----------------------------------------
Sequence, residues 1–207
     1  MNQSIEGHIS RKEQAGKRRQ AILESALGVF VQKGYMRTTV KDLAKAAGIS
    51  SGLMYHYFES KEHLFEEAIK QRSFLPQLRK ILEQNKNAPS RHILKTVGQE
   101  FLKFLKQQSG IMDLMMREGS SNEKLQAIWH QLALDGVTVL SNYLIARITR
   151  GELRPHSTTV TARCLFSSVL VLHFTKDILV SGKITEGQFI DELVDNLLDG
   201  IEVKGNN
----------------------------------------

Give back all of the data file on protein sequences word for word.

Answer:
Sequence, residues 1–207
     1  MNQSIEGHIS RKEQAGKRRQ AILESALGVF VQKGYMRTTV KDLAKAAGIS
    51  SGLMYHYFES KEHLFEEAIK QRSFLPQLRK ILEQNKNAPS RHILKTVGQE
   101  FLKFLKQQSG IMDLMMREGS SNEKLQAIWH QLALDGVTVL SNYLIARITR
   151  GELRPHSTTV TARCLFSSVL VLHFTKDILV SGKITEGQFI DELVDNLLDG
   201  IEVKGNN